I agree, I do not think you can drag someone through court on an email deal, offer, or whatever result occurred. If this was on the forum here, or DNforum, I would say yes, you have a case.
If we get technical here what is stopping me sue the scammers that say I have won $16,000,000 on the Internet lotto? Obviously the guy (or girl) told someone about the offer and was advised that indeed the name was valuable, hence calling it (the sale) off.
If you had the deal in writing with a signature, or through sedo etc again you would have a case IMO. Of course you are always within your rights to pursue this name through the courts, but what is your chance of success? That is what you need to fully clarify before going down this road...
You'd maybe best ask Howard Neu about that. He's licensed to practice in Florida.
If cost isn't a concern, then it arguably seems like you have a case. Arguably, anyway.
Law Offices of Howard Neu - Internet and URL Law, corporate litigation, appelate law, Florida..
When it comes to contract disputes, it usually isn't a matter of whether or not there was a contract, but whether or not you can prove that the breach of said contract resulted in direct damages to you. If you both end up in the exact same position as when you started, then the breach would not be considered to have really effected you. Now, if for example, a contract was established and then you spent money developing a site for this particular domain, you may be entitled to damages, because you incurred monetary loss based on the premise that the contract would be honored.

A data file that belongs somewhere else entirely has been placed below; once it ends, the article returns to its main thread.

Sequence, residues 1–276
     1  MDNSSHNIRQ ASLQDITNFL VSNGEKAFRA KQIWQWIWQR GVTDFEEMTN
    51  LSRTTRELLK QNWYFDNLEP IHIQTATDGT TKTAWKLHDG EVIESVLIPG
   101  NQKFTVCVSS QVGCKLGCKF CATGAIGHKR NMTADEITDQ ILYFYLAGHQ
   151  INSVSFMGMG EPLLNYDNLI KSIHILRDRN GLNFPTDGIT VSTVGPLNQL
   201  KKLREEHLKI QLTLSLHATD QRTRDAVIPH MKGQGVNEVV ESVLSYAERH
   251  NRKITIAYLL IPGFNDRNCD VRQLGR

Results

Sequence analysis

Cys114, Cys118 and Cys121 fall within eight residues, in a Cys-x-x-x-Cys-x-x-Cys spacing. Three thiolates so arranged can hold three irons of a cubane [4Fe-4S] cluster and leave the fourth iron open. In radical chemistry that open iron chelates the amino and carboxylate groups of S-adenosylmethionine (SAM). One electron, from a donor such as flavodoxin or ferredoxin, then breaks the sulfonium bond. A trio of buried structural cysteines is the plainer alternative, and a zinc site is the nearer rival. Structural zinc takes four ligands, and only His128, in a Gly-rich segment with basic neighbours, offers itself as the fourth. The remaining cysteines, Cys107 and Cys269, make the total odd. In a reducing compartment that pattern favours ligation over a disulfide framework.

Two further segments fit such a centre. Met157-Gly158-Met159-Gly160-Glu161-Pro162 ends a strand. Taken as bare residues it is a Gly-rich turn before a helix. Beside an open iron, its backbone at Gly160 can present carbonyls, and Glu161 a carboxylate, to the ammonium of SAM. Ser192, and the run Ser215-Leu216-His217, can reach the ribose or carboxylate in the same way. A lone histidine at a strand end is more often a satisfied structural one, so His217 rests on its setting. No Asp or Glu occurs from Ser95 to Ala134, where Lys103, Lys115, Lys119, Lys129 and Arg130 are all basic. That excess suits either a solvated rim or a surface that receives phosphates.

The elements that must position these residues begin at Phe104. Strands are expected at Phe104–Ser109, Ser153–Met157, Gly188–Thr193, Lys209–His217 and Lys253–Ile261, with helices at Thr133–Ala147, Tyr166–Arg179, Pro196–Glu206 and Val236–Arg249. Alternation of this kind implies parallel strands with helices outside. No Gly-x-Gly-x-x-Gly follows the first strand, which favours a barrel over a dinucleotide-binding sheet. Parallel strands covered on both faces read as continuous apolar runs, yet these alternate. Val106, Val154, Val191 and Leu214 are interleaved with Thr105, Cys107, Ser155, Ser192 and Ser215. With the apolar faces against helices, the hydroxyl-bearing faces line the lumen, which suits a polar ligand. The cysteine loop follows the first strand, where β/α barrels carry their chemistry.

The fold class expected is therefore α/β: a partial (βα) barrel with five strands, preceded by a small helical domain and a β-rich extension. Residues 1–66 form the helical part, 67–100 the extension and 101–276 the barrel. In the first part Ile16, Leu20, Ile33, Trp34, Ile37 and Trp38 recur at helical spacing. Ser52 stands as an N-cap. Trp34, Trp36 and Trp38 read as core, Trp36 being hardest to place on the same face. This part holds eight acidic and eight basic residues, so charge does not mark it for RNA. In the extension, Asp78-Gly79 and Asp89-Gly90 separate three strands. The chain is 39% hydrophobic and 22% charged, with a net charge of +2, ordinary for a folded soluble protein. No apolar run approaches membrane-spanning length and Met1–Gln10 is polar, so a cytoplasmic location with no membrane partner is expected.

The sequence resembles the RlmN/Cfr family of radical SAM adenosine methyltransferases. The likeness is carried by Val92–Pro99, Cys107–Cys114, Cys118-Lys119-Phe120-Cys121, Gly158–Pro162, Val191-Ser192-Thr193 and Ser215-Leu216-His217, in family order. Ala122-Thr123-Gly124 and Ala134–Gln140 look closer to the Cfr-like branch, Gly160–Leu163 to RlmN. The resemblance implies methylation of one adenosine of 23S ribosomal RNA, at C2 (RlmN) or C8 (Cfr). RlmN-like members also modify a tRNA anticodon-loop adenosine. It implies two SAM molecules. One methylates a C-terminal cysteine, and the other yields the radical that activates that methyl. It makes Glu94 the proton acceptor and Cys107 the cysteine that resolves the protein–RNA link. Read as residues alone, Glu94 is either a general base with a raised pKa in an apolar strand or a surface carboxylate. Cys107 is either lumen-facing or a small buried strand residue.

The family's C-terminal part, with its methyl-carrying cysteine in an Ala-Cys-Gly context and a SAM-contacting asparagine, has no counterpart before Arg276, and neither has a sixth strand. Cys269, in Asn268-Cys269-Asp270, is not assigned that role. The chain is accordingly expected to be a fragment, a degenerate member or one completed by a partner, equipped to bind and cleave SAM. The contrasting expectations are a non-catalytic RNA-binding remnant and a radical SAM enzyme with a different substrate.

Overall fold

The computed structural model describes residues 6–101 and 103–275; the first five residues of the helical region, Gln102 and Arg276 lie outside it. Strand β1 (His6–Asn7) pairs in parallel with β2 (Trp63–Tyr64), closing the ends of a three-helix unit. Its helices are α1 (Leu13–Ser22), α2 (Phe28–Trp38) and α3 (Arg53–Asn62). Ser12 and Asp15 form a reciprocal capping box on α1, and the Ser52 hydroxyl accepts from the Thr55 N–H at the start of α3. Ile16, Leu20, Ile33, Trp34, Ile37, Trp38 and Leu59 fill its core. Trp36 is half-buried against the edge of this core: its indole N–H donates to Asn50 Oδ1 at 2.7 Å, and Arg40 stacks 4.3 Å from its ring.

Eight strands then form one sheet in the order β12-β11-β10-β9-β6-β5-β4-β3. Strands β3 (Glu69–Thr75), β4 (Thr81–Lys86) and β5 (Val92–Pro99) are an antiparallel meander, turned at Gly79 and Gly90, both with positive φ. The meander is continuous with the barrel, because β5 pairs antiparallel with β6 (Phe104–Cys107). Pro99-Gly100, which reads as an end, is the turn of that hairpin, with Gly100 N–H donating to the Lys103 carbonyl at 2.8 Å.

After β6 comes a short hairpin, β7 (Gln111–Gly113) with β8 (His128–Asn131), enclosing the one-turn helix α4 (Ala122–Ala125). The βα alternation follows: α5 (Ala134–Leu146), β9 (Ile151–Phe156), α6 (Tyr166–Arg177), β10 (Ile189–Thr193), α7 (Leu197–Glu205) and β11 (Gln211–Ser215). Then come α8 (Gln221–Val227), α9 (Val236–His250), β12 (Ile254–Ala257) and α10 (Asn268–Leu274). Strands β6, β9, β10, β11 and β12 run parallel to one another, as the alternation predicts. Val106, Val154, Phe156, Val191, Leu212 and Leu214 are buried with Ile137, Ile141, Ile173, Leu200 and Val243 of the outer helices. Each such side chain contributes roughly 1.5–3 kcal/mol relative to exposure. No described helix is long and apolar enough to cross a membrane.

However, generally speaking, it is possible that even if you win you won't get the domain. The courts might just award you a monetary ruling.
I'd really speak to an attorney if you are serious about pursuing this, but like I said, I'm fairly certain you need to be able to prove damages incurred from the breach...
For a breach of contract to occur there needs to be a valid contract in the first place, and for agreements that aren't 'face to face' that needs some kind of authentic signature. Online markets and such have their signature equivalent in the form of a 'click to agree' button. What you've got is an email, which has about as much legal substance as leaving a message on someone's Myspace page.
Welshing on a deal yes, but there's virtually zero chance of recourse here in any jurisdiction.
"Case law tends to distinguish between delayed forms of communication, such as mail and telegrams, and virtually instantaneous forms of communication, such as the telephone, telex and fax machine. The courts have yet to consider the electronic message." Electronic Contract Formation..
Mostly what I was going to say. The breach of contract is easy enough but it's damages that are the problem. If you had say spent thousands of dollars after the agreement to begin a company then you could attempt to recoup those costs.